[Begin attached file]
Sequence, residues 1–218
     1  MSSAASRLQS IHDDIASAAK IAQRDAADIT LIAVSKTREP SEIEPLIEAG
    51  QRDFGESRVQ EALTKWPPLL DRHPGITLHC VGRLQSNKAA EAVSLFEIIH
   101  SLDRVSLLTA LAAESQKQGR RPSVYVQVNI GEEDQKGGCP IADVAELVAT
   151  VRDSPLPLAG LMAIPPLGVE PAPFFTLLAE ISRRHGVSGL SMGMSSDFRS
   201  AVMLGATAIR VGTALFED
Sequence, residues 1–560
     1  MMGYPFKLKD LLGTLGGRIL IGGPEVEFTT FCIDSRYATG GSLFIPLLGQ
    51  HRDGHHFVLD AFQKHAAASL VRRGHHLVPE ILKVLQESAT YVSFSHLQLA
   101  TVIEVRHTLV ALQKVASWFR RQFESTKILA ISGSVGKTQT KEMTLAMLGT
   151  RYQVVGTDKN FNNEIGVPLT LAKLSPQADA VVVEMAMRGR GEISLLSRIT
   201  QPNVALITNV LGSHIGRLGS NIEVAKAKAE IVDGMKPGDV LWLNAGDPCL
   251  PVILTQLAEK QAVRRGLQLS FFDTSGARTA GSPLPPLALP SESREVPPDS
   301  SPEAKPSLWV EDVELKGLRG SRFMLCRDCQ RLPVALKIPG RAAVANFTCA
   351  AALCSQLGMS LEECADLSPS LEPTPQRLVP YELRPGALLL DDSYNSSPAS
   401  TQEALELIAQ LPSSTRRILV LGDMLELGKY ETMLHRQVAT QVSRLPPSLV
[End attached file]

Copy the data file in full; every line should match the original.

Sequence, residues 1–218
     1  MSSAASRLQS IHDDIASAAK IAQRDAADIT LIAVSKTREP SEIEPLIEAG
    51  QRDFGESRVQ EALTKWPPLL DRHPGITLHC VGRLQSNKAA EAVSLFEIIH
   101  SLDRVSLLTA LAAESQKQGR RPSVYVQVNI GEEDQKGGCP IADVAELVAT
   151  VRDSPLPLAG LMAIPPLGVE PAPFFTLLAE ISRRHGVSGL SMGMSSDFRS
   201  AVMLGATAIR VGTALFED
Sequence, residues 1–560
     1  MMGYPFKLKD LLGTLGGRIL IGGPEVEFTT FCIDSRYATG GSLFIPLLGQ
    51  HRDGHHFVLD AFQKHAAASL VRRGHHLVPE ILKVLQESAT YVSFSHLQLA
   101  TVIEVRHTLV ALQKVASWFR RQFESTKILA ISGSVGKTQT KEMTLAMLGT
   151  RYQVVGTDKN FNNEIGVPLT LAKLSPQADA VVVEMAMRGR GEISLLSRIT
   201  QPNVALITNV LGSHIGRLGS NIEVAKAKAE IVDGMKPGDV LWLNAGDPCL
   251  PVILTQLAEK QAVRRGLQLS FFDTSGARTA GSPLPPLALP SESREVPPDS
   301  SPEAKPSLWV EDVELKGLRG SRFMLCRDCQ RLPVALKIPG RAAVANFTCA
   351  AALCSQLGMS LEECADLSPS LEPTPQRLVP YELRPGALLL DDSYNSSPAS
   401  TQEALELIAQ LPSSTRRILV LGDMLELGKY ETMLHRQVAT QVSRLPPSLV